Spring’s Soooo Dramatic!

We’re deep into Spring here; it’s bustin’ out all over. The weather’s trying out all its tricks and the white butterflies are waking up, birds are on the prowl looking for goodies to feed their young or sneaky places to nest, the air (even out here in “the country”) resonates with the thrum of mowers big and small and the gardens are full of promise – even if that promise is of more weeds.

‘Tis the season…to check the ute engine bay before heading down the drive

Meredith, Cristina, and Amelia the goat babes (points for guessing what we’re binge watching at the moment) are full of Spring bounces and gentle mischief in the sun

while, although nextdoor’s little fence-vaulting Gotland ram only visited with our ladies for a couple of hours on 27 May, the sheep paddock already has three new residents, with two more of our ladies looking close.

In the chicken coop, we’re dealing with the usual loopy broody behaviour although we now have a better idea of who we can trust to stay the distance and who will lose interest half way through. Not ones fond of being pecked, each of us has our own method for extracting eggs from underneath the pretenders. I employ my trusty shepherds crook in a lever-and-filch manoeuvre of which I am very proud.

Sylvia, the broody hen, decided she’d had enough and headed outside when the crook of doom approached; the end seems purpose built for egg retrieval!

The ducks, having settled well into their temporary home, have managed to lure some local mallards to partake of their pond parties. The visitors are shy types who have so far eluded my camera and taken to their wings as soon as I get within snapping distance, leaving our flightless ladies looking both bewildered and slightly annoyed.

The ducks; slightly annoyed

But by far the biggest indicator that Spring is in full swing is me being laid up. It’s like the earth wakes up, I get faster and more frantic in my efforts to keep up with it and invariably end up breaking myself. Last year it was a torn shoulder (among other things) and a fortnight on the cosy chair; thankfully this time my back is only slightly pinged because (I am learning) I stopped when it started to hurt. Sickling is not a job that’s easy on short folk.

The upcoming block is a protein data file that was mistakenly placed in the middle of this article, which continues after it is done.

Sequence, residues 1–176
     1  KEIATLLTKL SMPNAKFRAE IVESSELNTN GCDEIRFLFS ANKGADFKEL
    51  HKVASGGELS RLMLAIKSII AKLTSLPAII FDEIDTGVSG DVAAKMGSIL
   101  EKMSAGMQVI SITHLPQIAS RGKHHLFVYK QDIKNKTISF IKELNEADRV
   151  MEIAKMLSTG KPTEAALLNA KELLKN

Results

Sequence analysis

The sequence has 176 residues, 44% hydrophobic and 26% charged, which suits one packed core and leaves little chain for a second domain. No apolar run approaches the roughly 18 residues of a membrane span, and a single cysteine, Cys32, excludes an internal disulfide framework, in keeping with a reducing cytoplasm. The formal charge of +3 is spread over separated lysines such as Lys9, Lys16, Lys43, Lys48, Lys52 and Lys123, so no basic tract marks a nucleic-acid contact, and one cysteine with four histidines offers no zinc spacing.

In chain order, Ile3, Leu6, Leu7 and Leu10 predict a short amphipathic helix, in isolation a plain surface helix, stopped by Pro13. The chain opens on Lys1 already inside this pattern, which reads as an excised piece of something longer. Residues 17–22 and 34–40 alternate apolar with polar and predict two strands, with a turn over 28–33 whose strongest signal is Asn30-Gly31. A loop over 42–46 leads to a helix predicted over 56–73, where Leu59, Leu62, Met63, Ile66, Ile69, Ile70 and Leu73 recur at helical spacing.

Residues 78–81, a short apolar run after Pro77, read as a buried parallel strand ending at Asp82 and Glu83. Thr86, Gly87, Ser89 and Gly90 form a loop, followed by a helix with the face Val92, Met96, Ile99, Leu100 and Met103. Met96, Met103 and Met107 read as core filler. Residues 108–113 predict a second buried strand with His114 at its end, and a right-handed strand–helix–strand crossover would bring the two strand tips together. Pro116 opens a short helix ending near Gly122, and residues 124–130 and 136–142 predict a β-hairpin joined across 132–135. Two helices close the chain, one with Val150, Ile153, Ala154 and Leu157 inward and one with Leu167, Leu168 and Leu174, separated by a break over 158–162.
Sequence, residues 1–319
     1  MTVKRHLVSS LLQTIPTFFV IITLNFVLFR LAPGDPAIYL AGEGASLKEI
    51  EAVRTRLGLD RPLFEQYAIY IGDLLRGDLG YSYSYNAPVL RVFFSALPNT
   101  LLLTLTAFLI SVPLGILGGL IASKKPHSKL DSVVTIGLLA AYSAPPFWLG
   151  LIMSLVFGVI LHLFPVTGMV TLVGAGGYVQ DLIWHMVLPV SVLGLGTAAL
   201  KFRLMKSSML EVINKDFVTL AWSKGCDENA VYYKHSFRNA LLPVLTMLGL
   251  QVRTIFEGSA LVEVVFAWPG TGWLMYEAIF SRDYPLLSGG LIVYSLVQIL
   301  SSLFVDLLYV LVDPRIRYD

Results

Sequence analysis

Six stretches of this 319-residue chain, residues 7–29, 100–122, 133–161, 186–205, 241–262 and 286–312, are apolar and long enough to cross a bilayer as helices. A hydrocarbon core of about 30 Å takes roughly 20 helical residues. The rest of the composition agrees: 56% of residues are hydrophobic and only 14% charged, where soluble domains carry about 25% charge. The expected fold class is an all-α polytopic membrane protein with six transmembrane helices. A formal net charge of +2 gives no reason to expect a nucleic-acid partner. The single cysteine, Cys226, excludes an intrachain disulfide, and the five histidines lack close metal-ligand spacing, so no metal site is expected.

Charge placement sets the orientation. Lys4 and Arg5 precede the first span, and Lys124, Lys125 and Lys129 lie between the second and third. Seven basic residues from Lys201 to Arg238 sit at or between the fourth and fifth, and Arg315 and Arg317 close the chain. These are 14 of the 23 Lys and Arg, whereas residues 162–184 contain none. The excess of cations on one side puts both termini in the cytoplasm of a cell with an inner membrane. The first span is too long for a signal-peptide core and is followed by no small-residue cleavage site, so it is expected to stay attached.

Colin and our gorgeous Kowhai, symbol of personal growth and rebirth; we like that we have a couple of these on the Homestead

Thankfully, after just one day of rest, my back is already easing up. I should be able to gingerly amble the paddocks again tomorrow – and just as well!

I’m not good at missing out and the Spring Homestead has more drama and intrigue than Grey-Sloan Memorial at Halloween.

7 thoughts on “Spring’s Soooo Dramatic!

  1. Very sensible indeed to heed the first twinge. I hope that you are doing some good exercises too to keep your back fit for the rigours of springtime. The animals are looking well but they will need your attention. What were you sickling?

    • Thankfully, The Bean Counter had a week off scheduled and we’re coming into a long weekend so the animals are well cared for (and its always nice that they miss me a bit).
      When I injured my shoulder, the physio made up a really sensible, doable exercise plan but I guess my sickling style was a tad unconventional šŸ˜ I was sickling the path in the vege garden but have since worked out a way to get the little weedzapper thing to work out there (it is electric) until we decide exactly where and what type of permanent path to put in. Ironically, I was tidying it up as I kept tripping over the clumps of grass and didnt want to fall.

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